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Somebody's Little Girl   By: (1868-)

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by Martha Young


To Two Little Elizabeths: Elizabeth Young and Elizabeth Magruder


If I were just to tell the things that Bessie Bell remembered I should tell you some very strange things. Bessie Bell did not know whether she remembered them, or just knew them, or whether they just grew, those strange things in some strange country that never was anywhere in the world; for when Bessie Bell tried to tell about those strange things great grown wise people said: "No, no, Bessie Bell, there is nothing in the world like that."

So Bessie Bell just remembered and wondered.

She remembered how somewhere, sometime, there was a window where you could look out and see everything green, little and green, and always changing and moving, away, away beyond everything little, and green, and moving all the time. But great grown wise folks said: "No, there is no window in all the world like that."

And once when some one gave Bessie Bell a little round red apple she caught her breath very quickly and her little heart jumped and then thumped very loudly (that is the way it seemed to her) and she remembered: Little apple trees all just alike, and little apple trees in rows all just alike on top of those and again on top of those until they came to a great row of big round red apples on top of all.

Rut great grown people said: "No, no, Bessie Bell, there are no apple trees in all the world like that."

And one time Bessie Bell was at a pretty house and somebody sat her on a little low chair and said: "Keep still, Bessie Bell."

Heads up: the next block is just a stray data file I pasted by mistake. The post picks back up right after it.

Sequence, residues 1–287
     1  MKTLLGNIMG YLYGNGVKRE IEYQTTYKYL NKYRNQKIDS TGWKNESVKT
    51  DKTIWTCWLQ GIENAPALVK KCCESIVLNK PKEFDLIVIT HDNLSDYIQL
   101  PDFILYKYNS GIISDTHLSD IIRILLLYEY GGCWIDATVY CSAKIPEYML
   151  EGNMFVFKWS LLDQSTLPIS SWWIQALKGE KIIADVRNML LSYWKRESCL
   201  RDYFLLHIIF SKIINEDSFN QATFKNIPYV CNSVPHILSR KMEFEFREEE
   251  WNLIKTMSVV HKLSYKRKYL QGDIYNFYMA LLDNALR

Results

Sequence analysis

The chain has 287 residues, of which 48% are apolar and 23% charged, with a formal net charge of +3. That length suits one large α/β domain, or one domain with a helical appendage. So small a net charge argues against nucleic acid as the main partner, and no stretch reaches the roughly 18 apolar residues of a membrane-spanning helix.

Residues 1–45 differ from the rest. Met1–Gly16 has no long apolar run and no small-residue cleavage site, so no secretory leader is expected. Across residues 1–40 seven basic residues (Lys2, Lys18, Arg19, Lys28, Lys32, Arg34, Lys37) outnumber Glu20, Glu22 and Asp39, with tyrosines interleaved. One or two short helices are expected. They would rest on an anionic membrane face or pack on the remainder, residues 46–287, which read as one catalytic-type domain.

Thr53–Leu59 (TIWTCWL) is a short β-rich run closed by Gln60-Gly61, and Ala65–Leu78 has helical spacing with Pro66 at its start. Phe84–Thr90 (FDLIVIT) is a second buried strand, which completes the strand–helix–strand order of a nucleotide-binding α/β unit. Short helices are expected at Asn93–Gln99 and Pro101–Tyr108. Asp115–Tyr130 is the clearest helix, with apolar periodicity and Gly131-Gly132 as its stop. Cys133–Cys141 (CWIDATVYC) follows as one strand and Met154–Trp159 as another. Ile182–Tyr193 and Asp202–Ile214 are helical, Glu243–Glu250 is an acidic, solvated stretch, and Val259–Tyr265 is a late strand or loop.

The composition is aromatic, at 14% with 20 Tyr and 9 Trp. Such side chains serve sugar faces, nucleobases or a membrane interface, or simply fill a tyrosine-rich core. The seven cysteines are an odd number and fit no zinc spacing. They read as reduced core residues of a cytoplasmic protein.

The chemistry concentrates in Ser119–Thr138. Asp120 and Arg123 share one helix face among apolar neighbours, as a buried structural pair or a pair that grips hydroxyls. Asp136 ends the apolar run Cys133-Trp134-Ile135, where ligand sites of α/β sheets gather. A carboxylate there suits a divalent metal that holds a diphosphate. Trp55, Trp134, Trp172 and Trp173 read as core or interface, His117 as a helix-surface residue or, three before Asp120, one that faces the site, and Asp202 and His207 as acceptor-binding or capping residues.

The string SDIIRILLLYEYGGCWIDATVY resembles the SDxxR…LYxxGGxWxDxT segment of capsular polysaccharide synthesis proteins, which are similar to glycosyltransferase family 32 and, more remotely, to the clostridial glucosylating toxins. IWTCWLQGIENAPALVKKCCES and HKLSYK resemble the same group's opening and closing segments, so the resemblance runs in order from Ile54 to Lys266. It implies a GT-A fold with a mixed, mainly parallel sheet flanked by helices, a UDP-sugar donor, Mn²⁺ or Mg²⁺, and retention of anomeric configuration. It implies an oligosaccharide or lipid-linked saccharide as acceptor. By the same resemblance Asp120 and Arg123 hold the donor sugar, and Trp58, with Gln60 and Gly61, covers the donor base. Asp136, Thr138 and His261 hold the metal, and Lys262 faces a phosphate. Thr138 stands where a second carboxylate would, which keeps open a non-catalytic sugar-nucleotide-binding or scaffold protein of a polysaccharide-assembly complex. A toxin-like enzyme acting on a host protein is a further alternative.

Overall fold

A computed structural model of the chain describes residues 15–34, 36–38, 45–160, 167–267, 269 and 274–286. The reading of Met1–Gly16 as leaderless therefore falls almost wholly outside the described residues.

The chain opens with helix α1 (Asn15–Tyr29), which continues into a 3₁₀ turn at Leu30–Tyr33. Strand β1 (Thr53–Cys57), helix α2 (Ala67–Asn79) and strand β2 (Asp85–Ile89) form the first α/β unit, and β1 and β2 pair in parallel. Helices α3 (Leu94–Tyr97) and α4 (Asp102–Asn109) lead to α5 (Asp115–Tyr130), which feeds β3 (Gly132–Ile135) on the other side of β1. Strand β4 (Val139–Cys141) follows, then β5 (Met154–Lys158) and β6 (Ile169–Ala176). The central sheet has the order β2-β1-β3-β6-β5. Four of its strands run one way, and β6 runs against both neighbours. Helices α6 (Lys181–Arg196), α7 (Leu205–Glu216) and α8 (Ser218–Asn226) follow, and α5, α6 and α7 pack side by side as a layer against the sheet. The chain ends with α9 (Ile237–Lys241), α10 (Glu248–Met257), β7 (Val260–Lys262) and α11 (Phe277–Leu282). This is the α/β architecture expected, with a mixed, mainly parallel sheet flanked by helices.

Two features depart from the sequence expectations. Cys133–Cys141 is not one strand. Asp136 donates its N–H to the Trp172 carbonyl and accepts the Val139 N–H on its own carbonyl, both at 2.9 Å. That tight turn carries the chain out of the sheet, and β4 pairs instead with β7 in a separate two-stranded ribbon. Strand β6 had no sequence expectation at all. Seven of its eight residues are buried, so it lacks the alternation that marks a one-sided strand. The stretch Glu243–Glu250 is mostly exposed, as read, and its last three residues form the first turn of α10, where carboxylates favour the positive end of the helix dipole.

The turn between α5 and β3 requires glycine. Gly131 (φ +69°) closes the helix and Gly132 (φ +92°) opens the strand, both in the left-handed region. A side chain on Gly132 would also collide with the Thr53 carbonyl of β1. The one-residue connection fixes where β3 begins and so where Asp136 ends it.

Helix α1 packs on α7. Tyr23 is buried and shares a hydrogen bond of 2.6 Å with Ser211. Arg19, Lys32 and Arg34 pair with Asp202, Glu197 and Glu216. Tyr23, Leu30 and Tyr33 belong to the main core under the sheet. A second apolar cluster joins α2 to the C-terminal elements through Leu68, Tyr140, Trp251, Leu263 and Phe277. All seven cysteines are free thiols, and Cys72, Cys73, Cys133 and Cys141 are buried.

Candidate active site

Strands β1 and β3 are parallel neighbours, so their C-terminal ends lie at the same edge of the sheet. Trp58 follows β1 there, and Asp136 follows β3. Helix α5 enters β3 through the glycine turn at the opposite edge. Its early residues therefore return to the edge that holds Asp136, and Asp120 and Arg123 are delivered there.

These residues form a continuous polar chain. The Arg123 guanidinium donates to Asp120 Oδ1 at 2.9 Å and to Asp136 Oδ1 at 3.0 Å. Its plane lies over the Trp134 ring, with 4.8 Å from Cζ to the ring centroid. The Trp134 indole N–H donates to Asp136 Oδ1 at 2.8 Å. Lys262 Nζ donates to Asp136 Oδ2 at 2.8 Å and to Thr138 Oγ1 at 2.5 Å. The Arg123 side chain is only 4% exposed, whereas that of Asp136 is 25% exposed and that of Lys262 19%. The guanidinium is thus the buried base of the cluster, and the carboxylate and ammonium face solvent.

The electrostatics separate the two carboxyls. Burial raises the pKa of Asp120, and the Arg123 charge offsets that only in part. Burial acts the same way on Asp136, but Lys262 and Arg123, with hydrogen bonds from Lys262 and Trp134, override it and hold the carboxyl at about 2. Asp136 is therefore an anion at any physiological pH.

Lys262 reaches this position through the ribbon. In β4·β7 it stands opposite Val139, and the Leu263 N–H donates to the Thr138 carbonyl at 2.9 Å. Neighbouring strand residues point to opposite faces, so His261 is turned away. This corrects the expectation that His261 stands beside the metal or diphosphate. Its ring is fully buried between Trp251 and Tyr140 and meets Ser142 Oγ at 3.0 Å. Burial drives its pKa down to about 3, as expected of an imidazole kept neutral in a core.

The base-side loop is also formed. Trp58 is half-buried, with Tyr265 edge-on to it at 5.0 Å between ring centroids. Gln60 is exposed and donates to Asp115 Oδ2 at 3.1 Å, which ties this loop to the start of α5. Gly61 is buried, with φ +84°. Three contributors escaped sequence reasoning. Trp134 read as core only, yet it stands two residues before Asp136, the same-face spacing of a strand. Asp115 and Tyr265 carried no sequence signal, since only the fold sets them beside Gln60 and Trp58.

She kept still so long that at last she began to be afraid to move at all, and she got afraid even to crook up her little finger for fear it would pop off loud, she had kept still so long that all her round little fingers and her round little legs felt so stiff.

Then one, great grown person said: "She seems a very quiet child." And the other said: "She is a very quiet child sometimes."

But just then Bessie Bell turned her head, and though her round little neck felt stiff it did not pop! and she saw something in a corner that was blue, green, and brown, and soft, and she forgot how afraid to move she was, and she forgot how stiff she thought she was, and she forgot how still she was told to be, and she jumped up and ran to the corner and cried out: "Pretty! Pretty! Pretty!"

One grown person took up the Thing that was blue, and green, and brown, and soft, and waved it to and fro, to and fro in front of Bessie Bell.

And Bessie Bell clapped her hands, and jumped for joy, and laughed, and cried: "Boo! boo! boo!"

And Bessie Bell ran right into the Thing that was blue, and green, and brown, and soft, and she threw out her round little arms and clasped them about the Thing that was blue, and green, and brown, and soft!

And she pulled it over her face, and she laughed and cried for joy because she remembered

But the great grown person who had brought Bessie Bell to the pretty house said: "Oh, Bessie Bell! Why, Bessie Bell! For shame, Bessie Bell! How could you do so to the beautiful peacock feather fly brush!"

So Bessie Bell could only cry and that very softly and feel ashamed as she was bid, and forget what it was that she remembered.

Bessie Bell might have remembered one time when a great house was all desolate, and when nobody or nothing at all breathed in the whole great big house, but one little tiny girl and one great big white cat, with just one black spot on its tail.

The nurse that always had played so nicely with the tiny little girl was lying with her cheek in her hand over yonder.

The Grandmother who had always talked so much to the tiny little girl was not talking any more.

The tiny little girl was so sick that she only just could breathe quickly, just so and just so .

If Bessie Bell could remember that, it was only that she remembered the big white cat like a big soft dream... Continue reading book >>

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